One of those friends is a girl I met when I was in 6th grade. We were pretty close. When we met last month it was as if we had never been apart. She has two adorable children ages 3 and 4.
While we were watching the kids play we were able to have several deep conversations and most of them centered around our children and struggles we have as mothers. Near the end of our time together she said something that was surprising to me. She told me that I had encouraged her with a lot of what I had to say. I don't think I can convey adequately what this meant to me.
(c) Anne Taintor
Thank you Women's Lib for ruining the psyche of so many women who are passionate about their families.
As I was saying, my friend's comment really struck a chord with me. My thinking afterward went something like this, "I have four children. My oldest one is is 14. I have dealt with strong wills, boundless childhood energy, trips to the ER, and many other things. Maybe, just maybe I have something to share with other moms."
(c) Anne Taintor
Ok, I admit I've thought of this before. Who doesn't think now and then that they have advice to give. Honestly, I've considered it many times, but somewhere in the back of my brain a little voice says, "There are so many women out there who could probably say the same thing better."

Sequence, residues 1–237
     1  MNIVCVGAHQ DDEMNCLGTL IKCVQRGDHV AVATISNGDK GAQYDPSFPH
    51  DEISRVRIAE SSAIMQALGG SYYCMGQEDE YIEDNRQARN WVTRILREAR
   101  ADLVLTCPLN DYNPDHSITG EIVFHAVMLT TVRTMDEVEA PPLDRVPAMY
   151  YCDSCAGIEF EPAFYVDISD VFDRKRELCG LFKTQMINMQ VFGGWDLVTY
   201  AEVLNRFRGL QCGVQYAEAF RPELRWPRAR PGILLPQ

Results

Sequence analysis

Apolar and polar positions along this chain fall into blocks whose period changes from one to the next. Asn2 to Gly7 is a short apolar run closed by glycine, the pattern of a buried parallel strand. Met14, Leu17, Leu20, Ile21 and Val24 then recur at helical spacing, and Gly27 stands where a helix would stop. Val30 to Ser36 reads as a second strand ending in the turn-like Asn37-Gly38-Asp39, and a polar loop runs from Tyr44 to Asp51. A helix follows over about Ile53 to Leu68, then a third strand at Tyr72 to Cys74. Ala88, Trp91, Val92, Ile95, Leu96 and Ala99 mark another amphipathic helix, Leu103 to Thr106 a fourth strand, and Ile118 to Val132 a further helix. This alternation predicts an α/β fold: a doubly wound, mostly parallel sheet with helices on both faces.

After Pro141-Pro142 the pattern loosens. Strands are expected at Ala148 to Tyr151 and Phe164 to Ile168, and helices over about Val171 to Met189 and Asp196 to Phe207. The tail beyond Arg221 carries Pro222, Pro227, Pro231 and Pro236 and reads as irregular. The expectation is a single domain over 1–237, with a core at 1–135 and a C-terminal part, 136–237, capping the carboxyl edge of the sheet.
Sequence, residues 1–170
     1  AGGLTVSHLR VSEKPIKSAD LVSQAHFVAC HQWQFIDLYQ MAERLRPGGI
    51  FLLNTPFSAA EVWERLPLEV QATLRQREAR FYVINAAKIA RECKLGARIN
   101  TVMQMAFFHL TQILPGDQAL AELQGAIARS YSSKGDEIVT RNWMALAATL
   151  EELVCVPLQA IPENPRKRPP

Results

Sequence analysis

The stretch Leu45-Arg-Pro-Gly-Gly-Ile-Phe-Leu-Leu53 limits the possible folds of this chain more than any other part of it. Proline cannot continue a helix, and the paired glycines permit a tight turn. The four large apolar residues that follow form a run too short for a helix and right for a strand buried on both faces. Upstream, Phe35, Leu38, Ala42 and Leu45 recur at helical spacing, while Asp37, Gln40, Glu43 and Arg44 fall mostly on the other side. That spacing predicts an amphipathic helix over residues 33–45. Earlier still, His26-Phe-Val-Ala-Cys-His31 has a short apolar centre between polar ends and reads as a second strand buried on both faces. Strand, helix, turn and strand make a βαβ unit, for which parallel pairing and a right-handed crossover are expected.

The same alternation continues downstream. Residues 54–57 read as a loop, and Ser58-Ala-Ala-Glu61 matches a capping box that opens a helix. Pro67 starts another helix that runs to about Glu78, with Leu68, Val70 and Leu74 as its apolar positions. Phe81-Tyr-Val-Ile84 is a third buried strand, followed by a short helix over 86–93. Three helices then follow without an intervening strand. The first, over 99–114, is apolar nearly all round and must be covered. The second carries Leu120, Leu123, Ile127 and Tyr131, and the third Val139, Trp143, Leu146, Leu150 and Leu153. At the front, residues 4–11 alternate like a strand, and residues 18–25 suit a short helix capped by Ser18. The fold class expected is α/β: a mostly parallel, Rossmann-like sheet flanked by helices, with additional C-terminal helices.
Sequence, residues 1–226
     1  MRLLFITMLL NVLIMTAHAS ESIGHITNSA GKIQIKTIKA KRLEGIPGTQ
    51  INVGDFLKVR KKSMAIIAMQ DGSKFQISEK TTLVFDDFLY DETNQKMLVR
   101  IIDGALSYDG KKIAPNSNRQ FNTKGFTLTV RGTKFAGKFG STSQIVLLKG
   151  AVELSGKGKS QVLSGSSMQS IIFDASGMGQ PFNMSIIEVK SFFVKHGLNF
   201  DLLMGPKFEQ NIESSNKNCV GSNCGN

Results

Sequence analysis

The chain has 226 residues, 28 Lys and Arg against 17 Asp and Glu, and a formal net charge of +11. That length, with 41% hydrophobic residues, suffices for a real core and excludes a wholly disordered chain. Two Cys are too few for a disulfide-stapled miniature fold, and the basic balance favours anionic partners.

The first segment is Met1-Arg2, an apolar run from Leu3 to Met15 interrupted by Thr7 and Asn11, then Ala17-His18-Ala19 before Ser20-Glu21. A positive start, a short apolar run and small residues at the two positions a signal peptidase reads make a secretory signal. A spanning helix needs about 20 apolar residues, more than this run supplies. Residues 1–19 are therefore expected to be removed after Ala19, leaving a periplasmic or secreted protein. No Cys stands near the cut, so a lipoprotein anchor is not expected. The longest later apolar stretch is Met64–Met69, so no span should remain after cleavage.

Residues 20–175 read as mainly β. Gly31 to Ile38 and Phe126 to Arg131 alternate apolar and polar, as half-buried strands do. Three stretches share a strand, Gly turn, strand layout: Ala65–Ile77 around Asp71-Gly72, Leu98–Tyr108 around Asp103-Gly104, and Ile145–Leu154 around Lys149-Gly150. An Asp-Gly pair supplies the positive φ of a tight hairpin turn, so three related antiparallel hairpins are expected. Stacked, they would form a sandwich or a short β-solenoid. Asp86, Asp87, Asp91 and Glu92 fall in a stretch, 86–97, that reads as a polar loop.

Well, not anymore. I want to be encouraging. I want other moms to know that their kids aren't weird, or bad for being inquisitive and energetic. I want them to know that loud children can be embarrassing, but can also come up with some really amazing insights. I want them to know that it's normal for kids to burn off energy by turning into that hyper cat from the cat food commercial now and then. I want them to know that children are incredibly smart and that you have to stay one step ahead of them at all times. I want them to know that anyone can teach their child, and that homeschooling is not limited to super moms, but to anyone who is called to do it.
More to come.